I see what is happening right here on this page as part of the problem. I am "hearing" analysis from a very logic centered model and am "seeing" very little that takes into account how human beings interact with information.
Yes, this is a complaint. But the point is, 1. how do we change our own process so that all of us can interact with the information efficiently? 2. how do we create an interface for Wikipedia that takes into account all the ways that people interact with information and learn from it? 3. how do we streamline this process for minimum time waste? 4. how do we address populations such as various disabilities, that we have yet to mention, because their disabilities affect how they approach information, editing, contributing.
Also, and this is O/T for this thread, I would like someone(s) to list every step in the process from the point a page is created through the point it would be considered "finished" (although pages on Wikipedia are never finished.) I would like to capture the entire process here.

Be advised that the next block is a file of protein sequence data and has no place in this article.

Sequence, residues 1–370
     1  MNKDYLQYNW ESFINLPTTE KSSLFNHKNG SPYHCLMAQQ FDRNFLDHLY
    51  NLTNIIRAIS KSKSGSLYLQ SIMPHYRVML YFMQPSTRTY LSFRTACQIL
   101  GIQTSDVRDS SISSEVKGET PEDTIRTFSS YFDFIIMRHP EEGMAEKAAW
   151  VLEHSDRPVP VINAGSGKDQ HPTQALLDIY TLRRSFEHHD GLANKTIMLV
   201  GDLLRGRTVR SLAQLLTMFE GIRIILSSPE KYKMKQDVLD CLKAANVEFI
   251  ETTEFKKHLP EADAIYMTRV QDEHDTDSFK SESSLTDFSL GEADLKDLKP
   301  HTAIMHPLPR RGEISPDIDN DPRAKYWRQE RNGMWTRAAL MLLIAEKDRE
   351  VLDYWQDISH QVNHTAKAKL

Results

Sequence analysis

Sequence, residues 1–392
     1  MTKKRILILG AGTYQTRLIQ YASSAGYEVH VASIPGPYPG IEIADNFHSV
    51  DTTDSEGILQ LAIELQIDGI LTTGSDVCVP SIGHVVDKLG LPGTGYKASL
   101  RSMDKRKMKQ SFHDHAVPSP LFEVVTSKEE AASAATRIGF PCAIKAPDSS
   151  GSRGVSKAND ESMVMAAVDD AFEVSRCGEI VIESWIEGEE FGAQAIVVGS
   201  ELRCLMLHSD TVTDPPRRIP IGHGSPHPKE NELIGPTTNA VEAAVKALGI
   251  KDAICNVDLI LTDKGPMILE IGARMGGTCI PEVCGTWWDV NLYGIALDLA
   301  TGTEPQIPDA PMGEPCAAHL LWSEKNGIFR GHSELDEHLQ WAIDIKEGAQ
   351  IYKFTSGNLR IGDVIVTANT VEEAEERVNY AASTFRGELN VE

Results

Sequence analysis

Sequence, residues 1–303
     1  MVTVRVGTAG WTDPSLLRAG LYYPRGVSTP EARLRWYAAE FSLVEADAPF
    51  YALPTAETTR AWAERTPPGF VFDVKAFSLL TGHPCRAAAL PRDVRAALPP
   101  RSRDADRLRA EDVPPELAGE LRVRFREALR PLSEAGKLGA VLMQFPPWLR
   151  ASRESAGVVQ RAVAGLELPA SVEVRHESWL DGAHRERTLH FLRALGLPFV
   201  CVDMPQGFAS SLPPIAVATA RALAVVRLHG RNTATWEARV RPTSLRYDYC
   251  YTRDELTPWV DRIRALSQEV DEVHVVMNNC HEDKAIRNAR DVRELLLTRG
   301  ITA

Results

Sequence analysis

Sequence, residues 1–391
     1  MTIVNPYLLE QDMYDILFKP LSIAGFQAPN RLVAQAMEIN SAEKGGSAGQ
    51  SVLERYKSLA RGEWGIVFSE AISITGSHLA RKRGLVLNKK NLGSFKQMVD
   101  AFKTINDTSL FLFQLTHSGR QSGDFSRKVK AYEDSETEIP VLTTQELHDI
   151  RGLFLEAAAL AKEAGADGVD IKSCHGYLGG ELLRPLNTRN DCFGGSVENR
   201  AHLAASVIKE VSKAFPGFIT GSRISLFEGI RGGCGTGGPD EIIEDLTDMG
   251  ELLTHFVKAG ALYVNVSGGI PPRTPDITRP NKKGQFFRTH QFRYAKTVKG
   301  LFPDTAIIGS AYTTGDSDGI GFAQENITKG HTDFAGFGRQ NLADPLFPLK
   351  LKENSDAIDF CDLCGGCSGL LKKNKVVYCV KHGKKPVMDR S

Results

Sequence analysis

Brenda, sorry to hear you're having trouble with this wiki and with LiquidThreads in particular. In a sense, the challenges you are reporting are positive, because it gives all of us a feeling of what everyone has to deal with in order to participate in our community.
We need to use this wiki as the primary mode of interaction, as it is public, and frankly, we also need to eat our own dogfood. Google Wave certainly has some interesting features, but it also has many of the warts you complain about here -- in particular, poor notification capabilities.
Let's work together to find a way to make this experience more satisfying for you. I'm certainly willing to help. Also, I just created a Strategic Planning:Mentors page. If people are willing to mentor others like Brenda to help make this experience easier, please sign up there. Thanks!